Uncut- A New Encapsulated Pre-Workout From Applied Nutriceuticals
- 01-04-2013, 09:13 PM
- 01-04-2013, 09:15 PM
By believing passionately in something that still does not exist, we create it. The nonexistent is whatever we have not sufficiently desired.
01-04-2013, 09:43 PM
01-04-2013, 10:30 PM
So they can keep America fat along with their wallets bc their hands r in The pockets of insurance and doctors???... Woa whered that come fromOriginally Posted by thebigt
01-04-2013, 11:06 PM
01-05-2013, 10:41 AM
01-05-2013, 12:38 PM
01-05-2013, 06:37 PM
Subbed for release!
SERIOUS NUTRITION SOLUTIONS
mack @ seriousnutritionsolutions.com
"Revolutionizing Sports Nutrition, One Product At A Time"
01-07-2013, 02:09 AM
01-07-2013, 12:59 PM
01-07-2013, 01:03 PM
01-07-2013, 01:09 PM
01-07-2013, 04:24 PM
Dirk Tanis, BA, MSci
Chief Operating Officer, Applied Nutriceuticals
01-09-2013, 01:04 PM
I was excited see this as this is one of the two new DSHEA compliant stimulants in HTP blog that I haven't tried.Originally Posted by mr.cooper69
Good stuff AppNut!
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"Jackie Treehorn treats objects like woman man."
01-09-2013, 01:51 PM
So when amentoflavone and caffeine in the product stimulating a release in calcium, would it be wise to supplement calcium alongside uncut for long term use?
01-09-2013, 01:56 PM
01-09-2013, 10:46 PM
01-09-2013, 10:59 PM
01-10-2013, 09:00 AM
01-10-2013, 09:41 AM
Waiting to hear more
Always open light. It’s not what you open with, it’s what you finish with. Louie Simmons
01-10-2013, 10:26 AM
"Calcium supplementation has been shown, in well-controlled clinical studies, to slow age-related bone loss and reduce the risk of hip and other fractures in middle aged and older men and women. Using U.S. data on the medical costs associated with hip fracture compared to the costs of preventive supplementation with calcium, Bendich et al. found that supplementation targeted at those at greatest risk could save over $2.5 billion/year . However, cost-effectiveness of calcium supplementation depends not only on the cost of the product, but on the efficiency of its absorption. All published cost-benefit analyses to date have assumed not only an average price per gram of calcium regardless of the salt, but equal bioavailability for all calcium sources.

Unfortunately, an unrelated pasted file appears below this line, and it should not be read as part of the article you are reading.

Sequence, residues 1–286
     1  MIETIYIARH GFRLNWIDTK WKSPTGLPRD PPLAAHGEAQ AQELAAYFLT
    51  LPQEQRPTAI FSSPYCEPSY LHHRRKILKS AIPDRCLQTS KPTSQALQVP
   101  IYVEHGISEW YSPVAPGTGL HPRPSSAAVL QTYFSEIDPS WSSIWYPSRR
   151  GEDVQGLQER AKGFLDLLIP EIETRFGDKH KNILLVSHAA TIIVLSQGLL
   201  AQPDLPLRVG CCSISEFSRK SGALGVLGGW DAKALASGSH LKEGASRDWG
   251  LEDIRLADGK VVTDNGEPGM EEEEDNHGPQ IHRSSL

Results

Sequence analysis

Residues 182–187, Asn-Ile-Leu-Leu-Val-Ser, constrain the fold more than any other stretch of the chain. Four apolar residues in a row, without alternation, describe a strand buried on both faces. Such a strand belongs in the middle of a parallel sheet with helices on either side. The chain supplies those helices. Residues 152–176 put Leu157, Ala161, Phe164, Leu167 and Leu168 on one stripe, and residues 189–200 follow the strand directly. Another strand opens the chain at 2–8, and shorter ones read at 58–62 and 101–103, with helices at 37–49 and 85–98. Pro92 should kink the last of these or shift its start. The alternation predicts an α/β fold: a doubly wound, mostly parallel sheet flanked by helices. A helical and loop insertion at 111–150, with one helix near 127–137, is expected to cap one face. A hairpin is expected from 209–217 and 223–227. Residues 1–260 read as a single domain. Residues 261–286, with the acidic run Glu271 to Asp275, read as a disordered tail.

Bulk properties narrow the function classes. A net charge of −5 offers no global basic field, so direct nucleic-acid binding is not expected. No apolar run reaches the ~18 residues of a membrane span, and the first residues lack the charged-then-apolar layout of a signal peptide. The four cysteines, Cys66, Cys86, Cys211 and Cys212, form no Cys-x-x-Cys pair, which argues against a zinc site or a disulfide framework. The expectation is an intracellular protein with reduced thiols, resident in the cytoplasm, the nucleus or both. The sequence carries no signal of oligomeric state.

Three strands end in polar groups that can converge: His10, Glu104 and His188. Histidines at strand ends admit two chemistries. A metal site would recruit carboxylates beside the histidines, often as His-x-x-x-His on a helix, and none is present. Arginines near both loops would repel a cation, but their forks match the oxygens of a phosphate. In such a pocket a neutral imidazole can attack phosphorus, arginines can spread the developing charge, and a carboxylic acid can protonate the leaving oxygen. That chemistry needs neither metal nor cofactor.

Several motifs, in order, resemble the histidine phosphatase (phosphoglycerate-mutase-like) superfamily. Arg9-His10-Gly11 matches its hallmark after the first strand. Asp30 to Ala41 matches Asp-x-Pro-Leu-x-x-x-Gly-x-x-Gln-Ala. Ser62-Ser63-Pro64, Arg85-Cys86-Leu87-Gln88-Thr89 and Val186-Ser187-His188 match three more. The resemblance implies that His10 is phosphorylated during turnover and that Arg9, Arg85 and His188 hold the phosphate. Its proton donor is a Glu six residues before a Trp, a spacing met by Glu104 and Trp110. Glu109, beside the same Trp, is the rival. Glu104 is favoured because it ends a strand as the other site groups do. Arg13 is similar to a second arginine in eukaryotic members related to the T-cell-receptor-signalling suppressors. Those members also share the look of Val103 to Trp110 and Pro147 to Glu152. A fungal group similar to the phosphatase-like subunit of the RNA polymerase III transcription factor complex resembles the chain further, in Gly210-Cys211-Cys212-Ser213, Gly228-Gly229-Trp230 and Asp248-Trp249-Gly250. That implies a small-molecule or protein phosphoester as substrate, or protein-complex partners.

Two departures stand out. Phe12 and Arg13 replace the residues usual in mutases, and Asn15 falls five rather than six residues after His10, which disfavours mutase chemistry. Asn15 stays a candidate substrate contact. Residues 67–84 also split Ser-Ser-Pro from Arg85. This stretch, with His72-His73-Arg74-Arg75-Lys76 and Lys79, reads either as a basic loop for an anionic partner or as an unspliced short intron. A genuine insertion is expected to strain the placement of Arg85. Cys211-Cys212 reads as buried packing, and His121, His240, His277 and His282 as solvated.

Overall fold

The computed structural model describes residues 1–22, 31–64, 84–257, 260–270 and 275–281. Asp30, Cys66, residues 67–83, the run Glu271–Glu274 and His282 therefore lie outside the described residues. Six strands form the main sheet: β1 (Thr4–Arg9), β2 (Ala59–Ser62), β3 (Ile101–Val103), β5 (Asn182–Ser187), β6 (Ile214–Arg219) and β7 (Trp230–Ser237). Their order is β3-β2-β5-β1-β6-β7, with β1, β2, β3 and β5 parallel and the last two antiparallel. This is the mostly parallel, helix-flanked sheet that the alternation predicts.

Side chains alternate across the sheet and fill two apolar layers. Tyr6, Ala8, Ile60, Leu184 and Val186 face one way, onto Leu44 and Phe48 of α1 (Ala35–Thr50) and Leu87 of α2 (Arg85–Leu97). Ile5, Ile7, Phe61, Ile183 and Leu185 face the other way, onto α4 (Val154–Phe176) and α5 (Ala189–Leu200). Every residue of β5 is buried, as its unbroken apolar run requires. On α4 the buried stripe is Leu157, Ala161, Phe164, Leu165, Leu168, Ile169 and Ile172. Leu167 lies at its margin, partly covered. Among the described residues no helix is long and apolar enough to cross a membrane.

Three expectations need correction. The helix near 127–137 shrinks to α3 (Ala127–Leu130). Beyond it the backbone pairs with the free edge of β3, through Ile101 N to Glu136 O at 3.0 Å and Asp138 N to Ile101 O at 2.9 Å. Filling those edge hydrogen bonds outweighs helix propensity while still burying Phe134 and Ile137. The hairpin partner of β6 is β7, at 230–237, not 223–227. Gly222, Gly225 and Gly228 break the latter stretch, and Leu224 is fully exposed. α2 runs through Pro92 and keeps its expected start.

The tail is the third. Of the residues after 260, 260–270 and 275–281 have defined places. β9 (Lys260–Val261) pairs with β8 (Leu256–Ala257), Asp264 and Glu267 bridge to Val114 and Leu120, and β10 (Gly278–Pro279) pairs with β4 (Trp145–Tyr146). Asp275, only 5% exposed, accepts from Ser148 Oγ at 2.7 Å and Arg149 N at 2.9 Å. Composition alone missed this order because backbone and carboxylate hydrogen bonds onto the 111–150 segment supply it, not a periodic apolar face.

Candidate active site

Shangraw  had previously shown marked differences in dissolution of calcium supplement preparations, due solely to pharmaceutical formulation differences, and unpublished experience of one of us (RPH) has demonstrated that not all preparations of the same salt exhibit equivalent absorbability. Finally, Heller et al.  explicitly raised this question in their recent paper. It is reassuring, therefore, to note that, in this study, Os-Cal® and the non-pharmaceutic, precipitated calcium carbonate exhibited identical bioavailability values. Thus for at least one marketed calcium carbonate product, pharmaceutical formulation does not alter the intrinsic bioavailability of its calcium salt. The same conclusion is probably applicable to the marketed citrate product as well. This is because it did not differ from non-pharmaceutic calcium carbonate in this study and because we had previously shown that the bioavailability values of the pure carbonate and citrate salts were identical .
Interestingly, however, and not previously described, several small differences were noted in pattern of response between the citrate and carbonate sources. None was statistically significant in isolation, but taken together, their mutual consistency suggests underlying differences in metabolic response to the two salts. These effects were i) although the rise in total calcium was the same, slightly less of the increment in serum calcium following the carbonate products was carried as the ionized form and slightly more as the bound form, relative to the citrate salt; ii) PTH suppression was slightly greater for the Citracal® than for the Os-Cal®, and the difference approximately coincided with the time points at which the ionized calcium differences were most prominent; and iii) urine calcium excretion in the 5 to 24 hour pool was higher for the Citracal® than for Os-Cal®. The relative depression is shown most clearly in Fig. 4, which plots ionized calcium as a percent of total calcium and shows slightly lower values for the Os-Cal® from 5 to 9 hours. This relative depression may reflect a very slight degree of alkalosis due to exhalation of CO2 from the carbonate anion, but the reason for the delay after ingestion is unclear. Physiologically, these changes are mutually consistent, since a higher ionized calcium would be expected to lead to a greater depression of PTH release, to an increased filtered calcium load at the kidney and, through lowered PTH, to decreased tubular reabsorption of calcium. Although the greater rise in urine calcium with calcium citrate was not statistically significant in this study, it is worth noting that Heller et al.  reported a significant loss of calcium in urine following supplementation with calcium citrate (Citracal®) which was not seen with an equivalent dose of calcium carbonate (Os-Cal®).